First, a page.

Amitoj Maan’s ‘Gadaar – the Traitor’ is a much better movie than last summer’s ‘Punjab 1984′. Both films depict events from nineteen-eighties’ and nineties’ Punjab, but unlike Anurag Singh’s whitewashed and Delhi-friendly version of history, Gadaar manages to tell some real truths to the audience. Starring Harbhajan Maan in his best performance yet, Gadaar is an action packed thriller interspersed with betrayal, trauma and a perfectly executed soundtrack by Dr. Zeus and Jaidev Kumar.
In ‘Gadaar’, Maan plays Jai Singh – a kind of modern-day Punjabi James Bond. He’s a mysterious, handsome bachelor who nobody knows anything about. The opening scenes of the movie show Jai and his entourage on a tour of his offices and companies. Jai goes ski-ing, has a bunch of Eastern-European looking girls on his yacht and really awesome side swooped hair. The beginning is probably the cheesiest and worst part of the movie, although it’s still not that bad. As an audience you can tell that there is a purpose to this debauchery; you just know that this movie is going to get interesting.
Jai’s story gets very interesting indeed. After receiving a letter from his dead grandfather’s lawyer, Jai learns that his traumatizing youth in 1990s Punjab is coming back to haunt him. The myth that Sikhs should forget and move on from the past is squarely addressed here. It’s simple – you cannot forget even if you wanted to. Making money, drinking alcohol, creating charities —none of it made Jai’s bad memories go away. In the end he had to address the injustice.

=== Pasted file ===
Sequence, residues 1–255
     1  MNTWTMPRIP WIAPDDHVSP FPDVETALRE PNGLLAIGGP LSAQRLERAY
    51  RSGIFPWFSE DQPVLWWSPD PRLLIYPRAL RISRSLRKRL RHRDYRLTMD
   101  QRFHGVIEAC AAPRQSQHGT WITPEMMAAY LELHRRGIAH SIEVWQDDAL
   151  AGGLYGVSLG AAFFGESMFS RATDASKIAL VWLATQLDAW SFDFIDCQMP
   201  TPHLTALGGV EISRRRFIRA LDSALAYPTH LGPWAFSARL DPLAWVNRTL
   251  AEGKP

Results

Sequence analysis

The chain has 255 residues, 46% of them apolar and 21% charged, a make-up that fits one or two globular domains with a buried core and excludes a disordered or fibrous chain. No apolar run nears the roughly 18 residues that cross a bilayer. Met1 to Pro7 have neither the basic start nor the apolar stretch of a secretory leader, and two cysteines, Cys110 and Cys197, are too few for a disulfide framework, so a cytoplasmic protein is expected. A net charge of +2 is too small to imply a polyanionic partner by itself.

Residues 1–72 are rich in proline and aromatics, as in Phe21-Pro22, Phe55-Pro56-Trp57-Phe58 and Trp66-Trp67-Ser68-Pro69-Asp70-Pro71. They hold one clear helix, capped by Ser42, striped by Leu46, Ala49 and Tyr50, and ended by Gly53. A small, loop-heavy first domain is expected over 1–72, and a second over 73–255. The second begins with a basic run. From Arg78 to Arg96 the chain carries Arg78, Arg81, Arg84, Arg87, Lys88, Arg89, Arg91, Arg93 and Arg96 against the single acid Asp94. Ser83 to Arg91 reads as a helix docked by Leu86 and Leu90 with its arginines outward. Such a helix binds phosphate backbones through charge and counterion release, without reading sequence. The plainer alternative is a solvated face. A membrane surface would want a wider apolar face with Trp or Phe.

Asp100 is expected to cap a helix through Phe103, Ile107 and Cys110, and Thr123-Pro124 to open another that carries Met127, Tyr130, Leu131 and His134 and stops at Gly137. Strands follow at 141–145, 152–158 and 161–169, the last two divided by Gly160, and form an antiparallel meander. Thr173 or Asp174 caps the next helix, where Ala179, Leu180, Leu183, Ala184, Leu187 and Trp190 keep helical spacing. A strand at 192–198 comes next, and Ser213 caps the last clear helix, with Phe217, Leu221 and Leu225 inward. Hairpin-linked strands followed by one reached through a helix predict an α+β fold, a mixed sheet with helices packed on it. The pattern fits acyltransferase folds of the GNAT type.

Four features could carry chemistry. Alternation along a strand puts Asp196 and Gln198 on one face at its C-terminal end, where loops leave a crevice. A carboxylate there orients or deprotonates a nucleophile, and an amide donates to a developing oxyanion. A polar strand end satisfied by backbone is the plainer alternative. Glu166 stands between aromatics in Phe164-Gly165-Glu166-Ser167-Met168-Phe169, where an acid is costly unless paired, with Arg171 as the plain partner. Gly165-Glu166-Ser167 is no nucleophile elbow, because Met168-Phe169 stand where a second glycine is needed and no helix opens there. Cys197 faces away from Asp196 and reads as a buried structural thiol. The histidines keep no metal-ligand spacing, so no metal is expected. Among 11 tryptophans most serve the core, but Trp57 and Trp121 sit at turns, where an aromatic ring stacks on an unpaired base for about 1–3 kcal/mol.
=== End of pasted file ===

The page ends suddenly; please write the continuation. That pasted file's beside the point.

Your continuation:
On another note, this film is very Harbhajan Maan centered. But even if you can’t stand his ‘Kermit the frog’ voice or are jealous of his youthful looks, I promise you can still enjoy ‘Gadaar’! He does really great this time around, whilst the rest of the cast does OK too. As usual though, Punjabi movies forget there are women in this world and females play a perfunctory background role in ‘Gadaar’.
The real problem with ‘Gadaar’, and all Punjabi movies for that matter is the Indian censors. Saying ‘Gadaar’ is a good movie is a relative statement. If Amitoj Maan had free reign, I doubt he’d never say the word “Sikh” in his script. I wonder if he and the actors even believe one of the movie’s final scenes when someone half-heartedly says something akin to, “good thing we solved this problem and no more atrocities will ever happen again in India.” This part wasn’t funny but I laughed. Really, dear censors? You had to stick that statement in there didn’t you? (Unfortunately, atoricites did happen just a few days after the film’s release date in Jammu culminating with an activist, Jagjeet Singh’s death.) Another issue I have with the Indian censors is how they insist on protecting Hindu sentiments by only approving scripts that make Punjab’s atrocities seem like they were perpetrated by rogue bad cops and politicians. Movies never show how human rights violations were Government planned, systematic and widespread. The residue of censorship is everywhere if you look closely.
Ultimately though, ‘Gadaar’ is a good movie. Everyone involved did a decent job tip-toeing the Indian Government’s fine line without coming off like total sell-outs. It deserves 4 out of 5 stars.